So far, the Memphis Grizzlies offseason can best be described as both exciting and expected. Many of the moves Memphis has made were both anticipated but also highly logical, both in terms of the new talent they added through the draft and the familiar names they resigned. In general, to support their established core of Ja Morant, Jaren Jackson Jr., and Brandon Clarke, the Grizzlies have added talented and versatile depth.
The Grizzlies have also addressed areas of need. Two specific areas were secondary playmaking and shooting. While Memphis has not added a proven difference-maker to directly resolve either issue, both shooting and playmaking stand out as strengths of the Grizzlies 2020 draft class.
Beyond adding talent and addressing needs, another influence for the continued evolution of the Grizzlies roster is becoming quite clear. It seems the preferred path to achieve sustainable success for Head Coach Taylor Jenkins in Memphis is by simply following in the footsteps of his predecessor, Mike Budenholzer. Effective shooting and playmaking strategies have led to highly successful results for the Atlanta Hawks and Milwaukee Bucks under Budenholzer. As a result, it seems Jenkins’s commitment to developing those same characteristics in Memphis is a sound philosophy.
Three areas where Budenholzer’s teams have consistently ranked among the best in the league are shooting frequency, effective passing, and smart shot selection. Only a year into their rebuild, it is understandable that Memphis is not on that same level yet. However, the Grizzlies are already showing signs of significant success in each of these areas.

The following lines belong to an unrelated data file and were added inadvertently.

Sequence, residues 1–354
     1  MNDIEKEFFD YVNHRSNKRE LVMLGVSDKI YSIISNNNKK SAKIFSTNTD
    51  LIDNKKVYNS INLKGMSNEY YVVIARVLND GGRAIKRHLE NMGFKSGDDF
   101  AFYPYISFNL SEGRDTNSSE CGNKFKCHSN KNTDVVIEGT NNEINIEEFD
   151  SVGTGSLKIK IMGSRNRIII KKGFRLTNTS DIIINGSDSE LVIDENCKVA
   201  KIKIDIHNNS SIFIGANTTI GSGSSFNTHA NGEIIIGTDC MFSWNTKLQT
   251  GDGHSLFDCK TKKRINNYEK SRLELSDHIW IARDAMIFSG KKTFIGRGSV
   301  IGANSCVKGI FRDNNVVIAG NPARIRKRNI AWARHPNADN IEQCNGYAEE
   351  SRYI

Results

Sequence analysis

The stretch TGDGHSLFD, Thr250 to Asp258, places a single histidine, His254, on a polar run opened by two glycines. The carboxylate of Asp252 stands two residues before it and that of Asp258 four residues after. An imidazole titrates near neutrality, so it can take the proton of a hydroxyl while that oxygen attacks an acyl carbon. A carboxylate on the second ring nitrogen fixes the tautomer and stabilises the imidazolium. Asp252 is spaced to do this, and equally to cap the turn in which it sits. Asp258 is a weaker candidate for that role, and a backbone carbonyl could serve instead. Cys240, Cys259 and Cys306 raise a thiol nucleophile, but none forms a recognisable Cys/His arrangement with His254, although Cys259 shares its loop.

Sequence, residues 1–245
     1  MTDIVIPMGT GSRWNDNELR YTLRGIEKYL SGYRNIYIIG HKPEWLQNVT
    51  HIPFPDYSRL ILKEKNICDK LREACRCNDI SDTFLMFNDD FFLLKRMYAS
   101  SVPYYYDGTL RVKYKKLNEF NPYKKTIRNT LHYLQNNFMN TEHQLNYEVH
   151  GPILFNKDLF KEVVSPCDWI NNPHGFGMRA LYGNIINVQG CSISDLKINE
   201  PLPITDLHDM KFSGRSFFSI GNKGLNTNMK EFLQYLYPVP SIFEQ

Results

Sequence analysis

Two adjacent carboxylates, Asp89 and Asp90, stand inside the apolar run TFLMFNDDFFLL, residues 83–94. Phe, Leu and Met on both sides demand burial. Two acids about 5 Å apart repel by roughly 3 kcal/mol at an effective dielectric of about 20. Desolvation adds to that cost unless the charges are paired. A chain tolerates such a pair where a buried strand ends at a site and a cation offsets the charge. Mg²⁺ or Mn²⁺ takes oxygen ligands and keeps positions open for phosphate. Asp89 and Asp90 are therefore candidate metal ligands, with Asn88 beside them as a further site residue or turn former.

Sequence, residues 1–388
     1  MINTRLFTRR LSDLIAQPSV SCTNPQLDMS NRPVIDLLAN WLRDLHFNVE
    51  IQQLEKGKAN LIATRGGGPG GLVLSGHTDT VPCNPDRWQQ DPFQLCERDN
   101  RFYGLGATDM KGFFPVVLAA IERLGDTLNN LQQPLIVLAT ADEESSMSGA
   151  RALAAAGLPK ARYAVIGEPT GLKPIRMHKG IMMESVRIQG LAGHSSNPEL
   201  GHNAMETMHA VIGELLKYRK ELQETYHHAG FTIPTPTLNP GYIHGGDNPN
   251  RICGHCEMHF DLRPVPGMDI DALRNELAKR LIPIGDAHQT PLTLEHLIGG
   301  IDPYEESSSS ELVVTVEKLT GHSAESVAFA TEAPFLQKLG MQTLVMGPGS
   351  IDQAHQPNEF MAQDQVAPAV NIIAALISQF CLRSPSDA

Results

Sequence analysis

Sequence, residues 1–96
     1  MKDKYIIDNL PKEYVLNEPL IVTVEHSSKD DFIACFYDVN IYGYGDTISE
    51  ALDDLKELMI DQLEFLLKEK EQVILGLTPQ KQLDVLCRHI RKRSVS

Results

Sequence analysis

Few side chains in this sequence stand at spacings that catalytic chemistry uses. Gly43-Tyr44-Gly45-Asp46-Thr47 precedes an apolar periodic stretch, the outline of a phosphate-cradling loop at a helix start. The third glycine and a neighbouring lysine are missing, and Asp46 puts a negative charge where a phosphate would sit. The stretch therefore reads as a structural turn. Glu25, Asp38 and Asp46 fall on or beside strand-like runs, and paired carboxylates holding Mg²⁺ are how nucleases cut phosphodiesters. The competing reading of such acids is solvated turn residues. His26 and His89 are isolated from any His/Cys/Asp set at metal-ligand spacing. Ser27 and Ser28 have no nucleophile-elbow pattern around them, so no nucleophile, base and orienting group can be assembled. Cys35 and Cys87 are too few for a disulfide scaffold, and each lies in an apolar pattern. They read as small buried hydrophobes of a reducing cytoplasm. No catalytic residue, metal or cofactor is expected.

Perhaps the most drastic are of improvement is simply producing shots.
This past season, the Memphis Grizzlies not only experienced a major roster turnover, they experienced a complete philosophical shift from the style of play that had generated unprecedented success for the franchise for more than a decade. Across the board , the Grizzlies established new single-season per game franchise highs in numerous offensive categories during the 2019-2020 season. This is the result of a young and athletic roster that has allowed Jenkins to implement a fast style of play.
The Grizzlies quickly formed the ability to attempt a significant amount of shots per game. However, the types of shots being attempted is just as important. For instance, eight of the 15 teams that attempted the most field goals per game last year in the NBA made the playoffs. Also, seven of the ten teams with the most three point attempts per game were in the postseason. Making these shots is what is most important (a point that will be covered in the near future.) However, having the ability to consistently find looks from beyond the arc is a very productive trait that many of the best teams in the NBA share.
Last year, Memphis set a franchise single-season high for 3PA per game. They still were below average compared to the rest of the NBA though, ranking 24th overall. A big reason for that was due to the fact the Grizzlies roster simply did not feature a significant amount of individual shot creation. For instance, Jaren Jackson Jr. led Memphis with 6.5 3PA per game last season. Twenty two other teams had a player who attempted more three pointers per game, with many teams having multiple players averaging more attempts than Jackson Jr. Though the Grizzlies increased emphasis on shooting the three was evident, it was far from being a consistent advantage.
One team who did not have a player who averaged more 3PA per game than Jackson Jr. was the Milwaukee Bucks. Khris Middleton led the Bucks with 5.7 attempts per game. However, the Bucks were second in the NBA in 3PA per game as a team. Unlike many teams, the source of their success was not in one or two players shooting half of the entire team’s attempts. It was having a full roster of players who could confidently shoot the three.
The Bucks featured eleven players who averaged two or more three point attempts per game (min. 50 games). They easily led the league for most players who met that statistical threshold (the Grizzlies had four). This team trait also seemed to be a pretty good indicator of potential playoff success, as only four total teams featured eight or more players who met this status: New Orleans, Milwaukee, Miami, and Denver.